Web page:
States love to flex their regulatory muscles.
In his recent book, Biting the Hands That Feed Us (Island Press, 2016), food-policy scholar Baylen Linnekin exposes many of America’s nightmare food laws. From the so-called “cheese board rule” that contemplated forbidding cheesemakers from aging their cheese on wooden boards, to laws that shut down producers of salumi who refused to use nitrates in their meat-aging process, these rules have crushing effects on food producers, while failing to provide any significant health benefits.
I recently talked with Linnekin about whether alcohol producers faced the same level of government-imposed regulations that food producers do. According to him, the answer is a resounding yes: “Alcohol producers and sellers are absolutely subject to the same sort of inane and contradictory and overly burdensome rules that food producers are subject to,” he said. In fact, if anything, brewers, distillers and vintners are “even more tightly regulated.”
As Linnekin noted, alcohol producers face burdensome regulations at the federal, state and local level. Federal agencies such as the Food and Drug Administration and the Alcohol and Tobacco Tax and Trade Bureau (TTB) wield significant influence over spirits makers. Alcohol producers must get TTB approval for their bottling labels, which includes “everything from the font type and size, to making sure that you put the alcohol content in the right place.” TTB also has rules concerning what types of pictures and images are allowed on bottles.
The FDA also plays a role and can even prohibit the sale of certain beverages based on a particular ingredient. Linnekin noted, for example, the FDA’s 2010 decision to ban Four Loko, a popular energy drink that included alcohol. Of course, the IRS also is involved with tax issues — the rates vary for beer, wine, and other spirits based on things like barrels of production and other factors.
Despite the challenges at the federal level, it’s the state and local laws that cause the most headaches for alcohol producers. “Because the federal rules are generally older, there are attorneys with expertise on them and [producers] have come to be able to live with them,” Linnekin said.
States were empowered to regulate the production and sale of alcohol in the wake of the 21st Amendment, which repealed Prohibition. While many people now celebrate the 21st Amendment and “clank their glasses together and say, ‘yay repeal,’” Linnekin describes it as “awful.”
“It basically transferred the language from federal prohibition and made it essentially state prohibition, so it gives the states this incredible power to do terrible things, and not surprisingly, the states have exercised that power with great vigor and glee,” Linnekin said.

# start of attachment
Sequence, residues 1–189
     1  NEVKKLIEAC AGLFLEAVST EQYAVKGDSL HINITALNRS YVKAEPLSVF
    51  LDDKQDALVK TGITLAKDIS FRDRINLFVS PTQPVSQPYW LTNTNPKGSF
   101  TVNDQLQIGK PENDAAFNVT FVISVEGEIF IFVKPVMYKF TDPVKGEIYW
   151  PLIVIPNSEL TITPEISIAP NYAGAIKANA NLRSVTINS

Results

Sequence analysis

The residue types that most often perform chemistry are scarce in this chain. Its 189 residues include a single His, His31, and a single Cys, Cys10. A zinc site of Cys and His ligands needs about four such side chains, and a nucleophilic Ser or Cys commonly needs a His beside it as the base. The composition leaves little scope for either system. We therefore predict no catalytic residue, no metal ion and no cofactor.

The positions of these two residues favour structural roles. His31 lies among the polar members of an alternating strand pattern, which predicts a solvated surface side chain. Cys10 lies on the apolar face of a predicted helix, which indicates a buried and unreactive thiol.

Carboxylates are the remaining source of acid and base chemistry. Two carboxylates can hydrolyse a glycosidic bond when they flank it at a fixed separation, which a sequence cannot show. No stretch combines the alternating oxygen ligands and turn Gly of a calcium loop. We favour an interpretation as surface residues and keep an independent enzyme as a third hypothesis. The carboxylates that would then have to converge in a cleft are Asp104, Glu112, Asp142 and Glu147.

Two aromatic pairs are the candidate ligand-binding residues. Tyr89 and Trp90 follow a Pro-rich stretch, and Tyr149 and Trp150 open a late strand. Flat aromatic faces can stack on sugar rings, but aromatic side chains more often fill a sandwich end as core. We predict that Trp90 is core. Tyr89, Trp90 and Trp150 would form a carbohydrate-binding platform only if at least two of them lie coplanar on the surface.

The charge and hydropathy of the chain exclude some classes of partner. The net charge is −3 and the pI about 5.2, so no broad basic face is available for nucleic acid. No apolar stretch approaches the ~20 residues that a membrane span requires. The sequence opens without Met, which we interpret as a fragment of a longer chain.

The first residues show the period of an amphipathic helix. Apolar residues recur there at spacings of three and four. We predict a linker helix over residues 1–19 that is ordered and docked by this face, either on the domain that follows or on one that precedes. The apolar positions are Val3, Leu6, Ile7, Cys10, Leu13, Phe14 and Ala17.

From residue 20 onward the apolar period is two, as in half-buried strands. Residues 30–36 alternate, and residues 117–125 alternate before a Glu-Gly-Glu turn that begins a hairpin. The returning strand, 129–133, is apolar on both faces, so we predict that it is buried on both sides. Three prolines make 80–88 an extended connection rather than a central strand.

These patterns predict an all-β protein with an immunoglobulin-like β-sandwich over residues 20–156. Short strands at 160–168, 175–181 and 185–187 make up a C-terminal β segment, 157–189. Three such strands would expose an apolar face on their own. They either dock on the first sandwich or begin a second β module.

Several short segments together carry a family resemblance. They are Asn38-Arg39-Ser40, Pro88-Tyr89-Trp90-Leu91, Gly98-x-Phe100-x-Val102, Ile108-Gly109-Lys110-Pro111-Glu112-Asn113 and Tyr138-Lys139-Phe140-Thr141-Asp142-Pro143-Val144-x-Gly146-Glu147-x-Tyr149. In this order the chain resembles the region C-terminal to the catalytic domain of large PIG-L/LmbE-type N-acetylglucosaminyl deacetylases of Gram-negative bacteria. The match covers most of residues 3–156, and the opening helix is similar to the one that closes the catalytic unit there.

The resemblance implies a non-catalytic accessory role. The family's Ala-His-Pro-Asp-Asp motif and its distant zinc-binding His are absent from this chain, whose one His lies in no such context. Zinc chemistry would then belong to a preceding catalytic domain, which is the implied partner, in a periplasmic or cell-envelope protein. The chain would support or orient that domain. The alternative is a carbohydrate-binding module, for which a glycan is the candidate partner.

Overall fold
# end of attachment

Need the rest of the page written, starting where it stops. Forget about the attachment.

Examples of draconian state alcohol laws abound, including everything from bans on allowing breweries to sell and distribute their own beer, to sample-size restrictions that severely limit the amount of liquor distilleries can give to visitors (in Virginia, for example, distilleries can only serve guests up to three ounces of booze for sampling). Many states are also so-called “control states,” which means the government acts as the retailer for certain types of alcohol, for which there are no private liquor stores. Unsurprisingly, many states tax alcohol producers at very high rates, as well. Most severe of all, some localities are still “dry countries” that completely ban the sale of alcohol within their boundaries.
Some observers might point to the undisputed success and growth of the craft spirits movement as belying the significance of these rules. If breweries and distilleries continue to pop up across the country, then perhaps these sorts of regulations aren’t hurting them very much. While the argument may have surface appeal, Linnekin notes these laws still have a large unseen effect in preventing craft-spirits producers from expanding as much as they otherwise would.
“If you’re making beer, you want everyone in America to be able to try your beer; you don’t want to just brew for your friends in Wyoming and have it there,” he said. “So if you’re essentially clamping down on the success of entrepreneurs to actually bring their products to a greater audience, then think of all the jobs, the costs, that the local community suffers.”
Overzealous regulators can also create uncertainty in alcohol markets, which makes producers hesitant to invest and expand. If you’re a business owner who is constantly worried about pending or future regulations that could hurt your business, you’re apt to hold your cards close to your chest and forgo any planned investments. Linnekin likens the effect of stifling regulations to “a drag, like a weight being put on someone’s ankles.”
The situation is not all bad news, however. Linnekin sees some progress in state alcohol laws, including Washington State’s recent decision to scrap its three-tier distribution system and replace it with a market-oriented system. One hopes more states will decide to follow suit and look to liberalize their alcohol laws. One thing is for certain: there are a lot of targets ripe for fixing.